In the informal discussion before the readings, Kristina noted that she was very much interested in the opportunity to read new works, and I think this could make for a very fruitful collaboration among actors and playwrights in Ottawa. I hope we’ll see something like this come to pass – at the very least, I hope Kristina realizes that I’m certainly planning to share future drafts with her as well.

Actors and playwrights out there: what do you think?

Writers Reading

We playwrights like to write. At least, I hope we do, otherwise why are we doing it?

Usually, other people get to find out about what we’ve written by attending a production of one of our plays. But every now and then an alternative avenue comes along, and thanks to the efforts of Laurie Fyffe, another Ottawa playwright, the Playwrights Guild of Canada and the Great Canadian Theatre Company have teamed up to present an evening of readings by a number of local playwrights. Here’s the official announcement – hope to see you there!

Playwrights UnitE!

Great Canadian Theatre Company and the Playwrights’ Guild of Canada, Ontario East Caucus, invite you to an evening of readings hosted by GCTC featuring members of the Playwrights Guild of Canada, and many more!

Join us as playwrights established and emerging, Ottawa based and from the National Capital Region and beyond, read from exciting works in an evening devoted to celebrating the art of the playwright.

Jessica Anderson, Lawrence Aronovitch, Laurie Fyffe, Arthur Milner, Kim Renders, Drew Hayden Taylor, & Darrah Teitel will kick off the evening, followed by an open mic invitation for other playwrights to take to the stage.

Date:
Monday, April 22, 2013

Time:
7 PM

Location:
Main Lobby of the Great Canadian Theatre Company,
Irving Greenberg Theatre Centre,
1227 Wellington Street West (corner of Wellington & Holland Avenue),
Ottawa

Admission is FREE! There will be snacks, a cash bar, great writing & stimulating conversation for all!

This is event is made possible by the Great Canadian Theatre Company, the Playwrights’ Guild of Canada, & the Canada Council for the Arts.

Fruition

The undercurrents festival is on at GCTC – go see the shows! – and two of the works featured are SKIN and Ladies of the Lake.

Wearing my GCTC playwright-in-residence hat, I got to sit in on some of the development for each of these and quite enjoyed the experience in each case. Both shows share a number of interesting elements in common, particularly their incorporation of music and movement into the stories that they’re telling. Since my work has been very much based on text and only text, this was an opportunity for me to expand my horizons a bit and see how other approaches to creation might work. This was all very fruitful: I learned a lot and (I think) contributed a bit to each of the shows in kind, but I was also very, very curious to find out what the shows would look like once they had, you know, developed.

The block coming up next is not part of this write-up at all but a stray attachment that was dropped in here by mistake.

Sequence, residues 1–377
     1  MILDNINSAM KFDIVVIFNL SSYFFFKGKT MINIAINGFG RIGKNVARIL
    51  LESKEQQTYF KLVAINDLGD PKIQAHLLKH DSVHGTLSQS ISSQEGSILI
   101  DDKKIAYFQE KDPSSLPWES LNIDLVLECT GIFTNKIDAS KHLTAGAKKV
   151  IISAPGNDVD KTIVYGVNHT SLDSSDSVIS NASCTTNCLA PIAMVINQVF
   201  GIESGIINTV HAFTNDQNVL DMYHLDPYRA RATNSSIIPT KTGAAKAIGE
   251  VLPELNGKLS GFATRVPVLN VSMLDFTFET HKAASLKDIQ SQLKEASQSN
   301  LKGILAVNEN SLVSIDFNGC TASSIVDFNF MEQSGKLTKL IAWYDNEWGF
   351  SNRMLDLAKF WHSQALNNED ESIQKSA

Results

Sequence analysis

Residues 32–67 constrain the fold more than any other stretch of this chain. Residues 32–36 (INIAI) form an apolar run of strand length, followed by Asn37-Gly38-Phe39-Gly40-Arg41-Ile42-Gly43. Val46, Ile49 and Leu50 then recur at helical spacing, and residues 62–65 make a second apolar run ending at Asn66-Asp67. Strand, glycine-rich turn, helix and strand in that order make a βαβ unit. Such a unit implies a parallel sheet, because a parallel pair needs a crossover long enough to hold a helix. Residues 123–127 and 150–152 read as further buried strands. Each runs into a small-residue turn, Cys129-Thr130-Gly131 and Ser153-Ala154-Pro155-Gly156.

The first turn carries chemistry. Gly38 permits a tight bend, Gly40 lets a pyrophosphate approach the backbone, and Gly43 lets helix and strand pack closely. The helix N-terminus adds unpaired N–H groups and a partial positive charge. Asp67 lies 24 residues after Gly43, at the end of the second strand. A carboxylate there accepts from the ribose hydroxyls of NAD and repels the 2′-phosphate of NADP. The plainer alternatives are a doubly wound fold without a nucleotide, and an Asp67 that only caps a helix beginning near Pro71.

So this past week I was glad finally to see the fruition of all that work for both the companies involved. Interestingly, at each performance I found myself feeling a little lump in my throat of pride that all the people involved in both shows were able to show the world what they’d done at the festival. My hat’s off to them all – it’s a tremendous investment of hard work, sweat, toil and tears to journey from the initial germ of an idea to the auditorium filled with people eager to see what you’ve created. I sometimes feel as though I spend most of my time in that “initial germ” state, so it’s good to be reminded that the purpose of the exercise is to share that creation with the world in performance.

Go see both shows if you can, as well as all the other fine stuff on offer at undercurrents.

Skin

I’m not the kind of person who makes a lot of New Year’s resolutions (though one year I did resolve to try and be more of a New Year’s resolution kind of guy – it didn’t really work), but this time round I did spend some time on New Year’s reflections. And one of the things I reflected on was how fortunate I’ve been recently to spend time doing things I love.

In particular, being part of the GCTC family this season has meant I’ve been able to sit in on a variety of projects that are in development. Most recently, this meant being able to join my friends at Deluxe Hot Sauce for a couple of their rehearsals with director Martha Ross as they ready their latest show, Skin, for the GCTC undercurrents festival opening next week.

One of the reasons that this particular opportunity was so appealing is that I’m a text-based kind of guy, scribbling merrily away on my own in a dark corner. (Actually, you can find me by the photocopier in the GCTC office, which is quite brightly lit.) This show, in contrast, is a powerful bit of collaborative creation by the artists involved, and sitting in the room meant that I got to see some of that creation happening before my eyes.

It was glorious.

Now, I was lucky enough to have been invited to a presentation of the play as a work-in-progress some months back, and even then I found it absolutely arresting. But on the first day I dropped in earlier this month, Martha Ross wanted to introduce a new element to the work, a kind of prologue to the piece, and I was able to witness the atoms swirling, coming together and clumping into molecules, and so on. The next day I watched them run the prologue. It was new, it was raw, and it was the absolute essence of theatre.

I learned so much from just a few hours with these artists and I think I may even have a few new things for my toolkit.

And what’s the show about? Find out for yourself. Just go see it.

Fly on the Wall

Like WolvesThe last show of GCTC’s season is a new play by Toronto’s Rosa Laborde, Like Wolves. Although rehearsals for the show won’t start until well into the new year, the creative team has already been assembled and is already hard at work. As playwright-in-residence, I was given the opportunity to peek in on some of the production’s goings-on earlier this week during a workshop that brought together the playwright, director Peter Pasyk, the show’s cast, and GCTC’s artistic director, Eric Coates (who displayed some pretty impressive acting chops himself) for two days of work with the current version of the script.